“IPC”).

6. Similarly, a chargesheet

was filed on 18.07.2019 in FIR

No.748 of 2017 for alleged offences under Sections 114, 120B,

406, 420, 467, 468, 471 and 216 of the IPC. Likewise a chargesheet

was filed on 24.10.2019 in FIR No.356/2019 for offences

under Sections 120B,

406, 408, 420, 387 read with Section 34

of the IPC.

7. The police also filed supplementary chargesheets,

on 06.01.2020 in the first case and on 08.11.2019 in the third

case.

8. Contending (i) that no part of the cause of action arose in

Gurugram to enable the de facto complainant to lodge a

complaint in the Gurugram Police Station; (ii) that while first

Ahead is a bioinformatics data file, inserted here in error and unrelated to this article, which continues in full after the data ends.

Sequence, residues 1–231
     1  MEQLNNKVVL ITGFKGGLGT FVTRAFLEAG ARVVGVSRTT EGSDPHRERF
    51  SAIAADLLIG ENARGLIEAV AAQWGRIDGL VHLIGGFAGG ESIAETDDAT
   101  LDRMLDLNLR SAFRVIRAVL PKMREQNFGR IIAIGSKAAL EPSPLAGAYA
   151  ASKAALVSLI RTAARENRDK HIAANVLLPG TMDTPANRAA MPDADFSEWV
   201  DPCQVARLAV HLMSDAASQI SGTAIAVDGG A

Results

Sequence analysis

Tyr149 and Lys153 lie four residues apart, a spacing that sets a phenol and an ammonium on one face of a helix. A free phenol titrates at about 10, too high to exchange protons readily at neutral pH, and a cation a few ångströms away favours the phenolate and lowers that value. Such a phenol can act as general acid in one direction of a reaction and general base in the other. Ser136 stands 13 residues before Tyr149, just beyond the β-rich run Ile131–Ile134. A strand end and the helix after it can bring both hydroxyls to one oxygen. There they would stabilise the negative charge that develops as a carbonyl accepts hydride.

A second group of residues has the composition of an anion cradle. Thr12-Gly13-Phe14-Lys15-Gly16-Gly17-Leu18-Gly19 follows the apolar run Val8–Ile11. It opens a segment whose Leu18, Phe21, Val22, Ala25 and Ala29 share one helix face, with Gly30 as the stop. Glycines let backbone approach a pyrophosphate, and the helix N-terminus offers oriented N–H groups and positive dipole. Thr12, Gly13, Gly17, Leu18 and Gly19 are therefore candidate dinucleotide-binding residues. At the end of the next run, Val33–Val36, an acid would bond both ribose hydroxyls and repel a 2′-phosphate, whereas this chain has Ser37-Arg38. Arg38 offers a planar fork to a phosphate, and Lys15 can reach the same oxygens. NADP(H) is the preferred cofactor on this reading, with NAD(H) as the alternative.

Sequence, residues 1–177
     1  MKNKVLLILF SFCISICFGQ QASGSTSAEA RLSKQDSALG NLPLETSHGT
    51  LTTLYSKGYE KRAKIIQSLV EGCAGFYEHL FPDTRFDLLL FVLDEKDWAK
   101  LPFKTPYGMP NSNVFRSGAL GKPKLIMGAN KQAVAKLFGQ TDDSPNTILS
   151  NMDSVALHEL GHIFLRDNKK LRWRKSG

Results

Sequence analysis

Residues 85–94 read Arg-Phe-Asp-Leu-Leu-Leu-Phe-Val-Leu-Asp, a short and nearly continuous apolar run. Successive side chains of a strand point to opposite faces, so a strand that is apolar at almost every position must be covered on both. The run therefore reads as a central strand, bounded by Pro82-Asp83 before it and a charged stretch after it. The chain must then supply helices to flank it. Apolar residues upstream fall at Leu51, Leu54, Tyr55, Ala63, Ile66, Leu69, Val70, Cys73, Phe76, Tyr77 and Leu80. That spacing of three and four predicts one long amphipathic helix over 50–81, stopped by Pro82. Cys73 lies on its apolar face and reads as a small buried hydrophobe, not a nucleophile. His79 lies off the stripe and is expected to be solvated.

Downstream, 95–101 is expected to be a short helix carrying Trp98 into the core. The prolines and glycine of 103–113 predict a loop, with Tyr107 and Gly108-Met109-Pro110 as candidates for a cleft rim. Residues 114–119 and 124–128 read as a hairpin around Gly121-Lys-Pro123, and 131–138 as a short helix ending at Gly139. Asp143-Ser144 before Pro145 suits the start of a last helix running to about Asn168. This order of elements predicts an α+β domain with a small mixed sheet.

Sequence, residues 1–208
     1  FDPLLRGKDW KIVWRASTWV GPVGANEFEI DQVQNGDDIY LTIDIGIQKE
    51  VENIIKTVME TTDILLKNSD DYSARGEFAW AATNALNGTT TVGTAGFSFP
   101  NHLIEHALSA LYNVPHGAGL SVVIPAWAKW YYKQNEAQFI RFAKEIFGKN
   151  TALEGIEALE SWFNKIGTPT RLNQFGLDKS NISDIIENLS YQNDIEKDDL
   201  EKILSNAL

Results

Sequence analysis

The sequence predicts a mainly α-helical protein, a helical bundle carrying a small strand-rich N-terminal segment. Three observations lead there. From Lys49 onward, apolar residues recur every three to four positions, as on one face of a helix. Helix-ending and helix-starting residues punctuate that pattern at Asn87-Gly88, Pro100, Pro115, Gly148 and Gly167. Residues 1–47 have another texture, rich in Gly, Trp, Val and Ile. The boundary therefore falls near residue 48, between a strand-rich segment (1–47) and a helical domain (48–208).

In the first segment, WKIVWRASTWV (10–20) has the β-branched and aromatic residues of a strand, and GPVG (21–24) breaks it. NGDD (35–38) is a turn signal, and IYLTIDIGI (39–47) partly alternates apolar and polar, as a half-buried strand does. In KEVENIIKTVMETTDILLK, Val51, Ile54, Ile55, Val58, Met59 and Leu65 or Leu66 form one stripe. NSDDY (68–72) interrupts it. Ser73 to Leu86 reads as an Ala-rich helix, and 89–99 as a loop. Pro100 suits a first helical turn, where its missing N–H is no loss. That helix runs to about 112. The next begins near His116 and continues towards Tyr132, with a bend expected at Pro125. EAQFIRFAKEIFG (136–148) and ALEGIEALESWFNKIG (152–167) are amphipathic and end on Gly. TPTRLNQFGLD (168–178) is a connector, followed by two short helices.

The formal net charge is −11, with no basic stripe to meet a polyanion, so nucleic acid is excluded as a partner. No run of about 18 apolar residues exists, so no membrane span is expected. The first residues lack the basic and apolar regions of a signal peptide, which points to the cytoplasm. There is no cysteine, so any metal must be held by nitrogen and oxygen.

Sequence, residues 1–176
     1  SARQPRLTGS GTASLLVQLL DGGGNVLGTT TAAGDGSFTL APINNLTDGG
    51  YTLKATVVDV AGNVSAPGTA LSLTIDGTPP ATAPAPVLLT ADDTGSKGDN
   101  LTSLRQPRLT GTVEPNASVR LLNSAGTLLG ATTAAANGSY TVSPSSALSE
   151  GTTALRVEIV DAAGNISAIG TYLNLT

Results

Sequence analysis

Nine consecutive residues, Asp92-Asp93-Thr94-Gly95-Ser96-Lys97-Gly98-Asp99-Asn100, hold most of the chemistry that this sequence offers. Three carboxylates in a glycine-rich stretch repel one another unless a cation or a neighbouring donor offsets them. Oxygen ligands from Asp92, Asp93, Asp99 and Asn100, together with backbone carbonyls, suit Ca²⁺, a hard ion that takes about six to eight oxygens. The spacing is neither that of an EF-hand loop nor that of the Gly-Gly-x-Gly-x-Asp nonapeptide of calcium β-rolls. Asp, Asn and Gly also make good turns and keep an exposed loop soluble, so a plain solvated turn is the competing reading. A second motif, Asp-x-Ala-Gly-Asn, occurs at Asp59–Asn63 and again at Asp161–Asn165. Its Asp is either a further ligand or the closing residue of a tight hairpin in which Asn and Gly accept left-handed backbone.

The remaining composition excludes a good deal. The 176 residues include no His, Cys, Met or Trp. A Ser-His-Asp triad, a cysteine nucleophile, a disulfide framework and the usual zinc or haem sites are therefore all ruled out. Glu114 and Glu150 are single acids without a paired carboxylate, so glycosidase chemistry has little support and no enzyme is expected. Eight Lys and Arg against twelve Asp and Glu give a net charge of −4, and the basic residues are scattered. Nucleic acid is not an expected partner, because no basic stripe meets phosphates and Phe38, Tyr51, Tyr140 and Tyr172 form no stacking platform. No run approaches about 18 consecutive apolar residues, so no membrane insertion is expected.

loan was sanctioned at Delhi, the second loan was sanctioned

at Indore and third loan was sanctioned at Surat, nothing

happened in Gurugram, entitling the de facto complainant to

invoke the jurisdiction of the investigating agency and the

Court in Gurugram; (iii) that the second respondent defacto

complainant has deliberately filed the complaint at Gurugram,

as the promoter of the de facto complainant wields lot of

influence at Gurugram and (iv) that the petitioner will not get a

fair trial at Gurugram, the petitioner has come up with the

above transfer petitions.

9. Thus, in effect, transfer is sought primarily on 2 grounds

namely (i) lack of territorial jurisdiction and (ii) apprehension of

bias.

10. But Mr. Vikas Singh, learned Senior Counsel for the

petitioner did not press into service the second ground,

revolving around the allegation that the second respondent

wields a lot of influence locally in Gurugram and that the